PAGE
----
On Friday, Climate Central ran a Q&A style article on several of the communication implications of the Climate Shift report. Launched in 2008, Climate Central is a digital news community pairing journalists and scientists to produce independent coverage and resources that Americans can use to more effectively participate on the challenge of climate change.

In a discussion with Alyson Kenward, we focused on the significant impact the economy has likely had on public concern and engagement on climate change. The continued adverse economic conditions make localized engagement efforts on climate change that much more important. Excerpt below:

Q: If the economy has such a strong influence on what people are concerned about, does that mean people aren’t likely to change their opinions about climate change until the economy improves, which could be a few years from now?

Nisbet: The economy poses a major communication challenge for climate change. It is a far greater communication challenge that what the conservatives have put forth in terms of questioning the science. In fact, in recent years, conservatives haven’t really had to even speak out against the scientific consensus. They can just say, “even if climate change is a problem, we can’t afford to take action against it,” and that might be enough to stall any and all action. The same strategy has been used by Democrats from agricultural and industrially-focused states. To make people pay attention to climate change, we’ll need to find ways to show them why it matters to them now, how it is affecting them now, and how actions can lead to benefits rather than costs.

Q: What are some of the ways in which climate change can be communicated in a way that matters to people?

Nisbet: With another researcher, Edward Maibach, who is the director of the Center for Climate Change Communication at George Mason University, we’re looking at how you can frame climate change in a way that is more personal to people. For example, we’re looking at, to what degree, you can communicate about climate change as a public health concern. If we can engage people in a conversation about the link between long-term chronic health concerns, like allergies, and climate change, then they will understand what the impact will be for them. They may begin to care about climate change because it is going to make their condition worse in the future. [Read first study from this research.]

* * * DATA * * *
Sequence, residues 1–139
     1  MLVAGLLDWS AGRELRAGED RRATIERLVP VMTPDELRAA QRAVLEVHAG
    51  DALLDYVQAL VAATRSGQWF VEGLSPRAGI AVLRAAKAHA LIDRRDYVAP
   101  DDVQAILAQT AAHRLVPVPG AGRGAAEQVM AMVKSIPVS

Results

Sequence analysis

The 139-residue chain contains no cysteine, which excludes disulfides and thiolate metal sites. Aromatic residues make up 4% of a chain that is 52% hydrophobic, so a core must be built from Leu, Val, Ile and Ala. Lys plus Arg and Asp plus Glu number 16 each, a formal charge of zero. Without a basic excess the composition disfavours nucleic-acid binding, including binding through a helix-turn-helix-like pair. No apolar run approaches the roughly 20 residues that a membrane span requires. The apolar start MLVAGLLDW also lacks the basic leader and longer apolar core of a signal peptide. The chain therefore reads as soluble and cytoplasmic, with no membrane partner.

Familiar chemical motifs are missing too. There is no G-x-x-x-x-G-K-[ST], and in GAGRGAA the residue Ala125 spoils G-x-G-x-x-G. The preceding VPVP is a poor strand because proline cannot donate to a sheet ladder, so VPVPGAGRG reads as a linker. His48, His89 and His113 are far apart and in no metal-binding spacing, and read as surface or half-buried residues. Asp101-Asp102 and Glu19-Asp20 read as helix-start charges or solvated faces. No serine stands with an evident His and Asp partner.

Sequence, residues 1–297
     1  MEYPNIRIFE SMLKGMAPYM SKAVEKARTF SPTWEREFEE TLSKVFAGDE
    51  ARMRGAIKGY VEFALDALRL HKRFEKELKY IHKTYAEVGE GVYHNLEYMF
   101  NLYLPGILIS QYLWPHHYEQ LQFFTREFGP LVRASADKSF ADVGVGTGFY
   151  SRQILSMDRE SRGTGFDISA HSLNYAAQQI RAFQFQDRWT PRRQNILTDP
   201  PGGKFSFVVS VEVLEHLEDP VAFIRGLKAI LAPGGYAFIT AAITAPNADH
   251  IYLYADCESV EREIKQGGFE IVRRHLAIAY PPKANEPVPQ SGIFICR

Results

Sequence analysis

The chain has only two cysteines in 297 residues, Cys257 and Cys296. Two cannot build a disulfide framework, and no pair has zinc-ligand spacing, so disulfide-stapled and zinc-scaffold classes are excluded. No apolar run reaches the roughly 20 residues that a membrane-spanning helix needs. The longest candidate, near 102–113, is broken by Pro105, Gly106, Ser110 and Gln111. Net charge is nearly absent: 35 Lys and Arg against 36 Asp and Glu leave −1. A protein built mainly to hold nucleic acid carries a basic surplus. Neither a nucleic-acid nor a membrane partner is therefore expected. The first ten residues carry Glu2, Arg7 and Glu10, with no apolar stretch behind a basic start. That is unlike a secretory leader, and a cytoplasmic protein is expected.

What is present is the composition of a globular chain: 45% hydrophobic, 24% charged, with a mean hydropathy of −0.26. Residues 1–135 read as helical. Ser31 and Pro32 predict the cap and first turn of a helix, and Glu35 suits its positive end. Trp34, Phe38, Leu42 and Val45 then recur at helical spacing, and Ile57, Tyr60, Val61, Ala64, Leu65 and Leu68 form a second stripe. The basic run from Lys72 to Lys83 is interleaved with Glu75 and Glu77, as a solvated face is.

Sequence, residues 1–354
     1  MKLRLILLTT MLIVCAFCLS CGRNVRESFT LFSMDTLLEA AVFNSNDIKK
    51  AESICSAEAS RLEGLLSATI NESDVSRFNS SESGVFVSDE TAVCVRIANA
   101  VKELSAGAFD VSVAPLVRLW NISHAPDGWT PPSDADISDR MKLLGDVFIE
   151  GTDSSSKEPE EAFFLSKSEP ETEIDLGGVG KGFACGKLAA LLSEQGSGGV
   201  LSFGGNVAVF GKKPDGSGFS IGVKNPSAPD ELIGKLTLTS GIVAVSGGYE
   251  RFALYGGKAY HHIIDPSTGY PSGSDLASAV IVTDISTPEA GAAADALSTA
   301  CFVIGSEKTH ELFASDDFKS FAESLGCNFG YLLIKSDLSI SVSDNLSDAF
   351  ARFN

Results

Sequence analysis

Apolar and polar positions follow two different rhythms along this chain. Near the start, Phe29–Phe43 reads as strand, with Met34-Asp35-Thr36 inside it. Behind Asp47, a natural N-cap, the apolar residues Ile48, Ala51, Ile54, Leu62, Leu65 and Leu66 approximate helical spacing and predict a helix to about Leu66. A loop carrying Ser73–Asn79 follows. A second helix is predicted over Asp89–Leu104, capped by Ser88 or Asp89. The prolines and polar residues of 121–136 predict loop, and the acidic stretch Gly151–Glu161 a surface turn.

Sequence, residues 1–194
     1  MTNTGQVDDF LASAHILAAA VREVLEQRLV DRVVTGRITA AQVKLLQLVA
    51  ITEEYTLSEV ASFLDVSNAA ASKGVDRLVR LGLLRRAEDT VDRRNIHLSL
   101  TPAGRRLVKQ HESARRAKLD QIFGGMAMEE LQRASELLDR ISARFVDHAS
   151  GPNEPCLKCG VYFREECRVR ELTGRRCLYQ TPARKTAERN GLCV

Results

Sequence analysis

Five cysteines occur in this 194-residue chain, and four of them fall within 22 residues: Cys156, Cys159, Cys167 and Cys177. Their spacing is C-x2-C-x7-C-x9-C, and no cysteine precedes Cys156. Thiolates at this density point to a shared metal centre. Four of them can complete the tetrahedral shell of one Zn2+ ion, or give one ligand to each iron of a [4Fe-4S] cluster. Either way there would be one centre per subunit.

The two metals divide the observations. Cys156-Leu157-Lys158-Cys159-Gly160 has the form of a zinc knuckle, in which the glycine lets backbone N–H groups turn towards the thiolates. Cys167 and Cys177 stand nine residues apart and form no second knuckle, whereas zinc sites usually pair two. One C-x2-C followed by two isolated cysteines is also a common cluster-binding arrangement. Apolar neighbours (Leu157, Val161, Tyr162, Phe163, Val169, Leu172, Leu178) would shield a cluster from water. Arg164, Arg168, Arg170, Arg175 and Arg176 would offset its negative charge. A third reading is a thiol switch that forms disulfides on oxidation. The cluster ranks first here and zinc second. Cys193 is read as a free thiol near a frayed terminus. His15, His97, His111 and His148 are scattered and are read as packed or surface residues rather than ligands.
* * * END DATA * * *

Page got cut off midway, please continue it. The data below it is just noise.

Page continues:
The same can be said for communicating to people about actions that are local and regional, like increasing accessibility to public transportation, making communities safer and easier to walk in, or making fruits and vegetables more affordable, which could reduce meat consumption. These are the kinds of things people will want to invest in, not because they offer a long-term climate change benefit but because they improve the community and quality of life in general.

Only after you connect with people this way, at the personal and local level, can you then get people participating in a dialogue about bigger policy efforts. And that’s rarely been done before now. We’ve never really connected at a local and personal level about climate change.

Q: You’ve also recently written about the politicization of climate change and how that has influenced the public. How can the science be politicized and what does this mean for how to improve climate change communication?

Nisbet: You don’t communicate about climate science in a vacuum; of course you have to consider the political context. The Cultural Cognition project at Yale shows that when people interpret scientific advice they hear, in connection to the proposed policy solutions, as threatening to their personal values or their world view, the first thing they do is argue against the science. Similarly, pollsters found that in 2009 and 2010, just as cap and trade became more politically viable, there was a simultaneous increase in skepticism amongst Republicans. These polling experts argue that this means that when you ask Republicans and Conservatives about the science of climate change, you shouldn’t interpret their answers fully as knowledge, but rather as indirect opinions about the policies being posed. The perceptions of science, it seems, are policy dependent.

What this means is, if we’re trying to make strategic decisions about where to invest in communication activities, we have a choice. Do we double-down and invest even more money and resources in trying to counter the work of Republicans and conservatives? Or, do we invest more resources in alternative strategies and consider a broader range of policies, perhaps smaller in scope and across several levels of government. I argue that if we take a different approach, like working at the local and regional level and try to facilitate public participation directly in the discussion, then people are more likely to come together, start talking about climate change, plan, connect, and find common ground.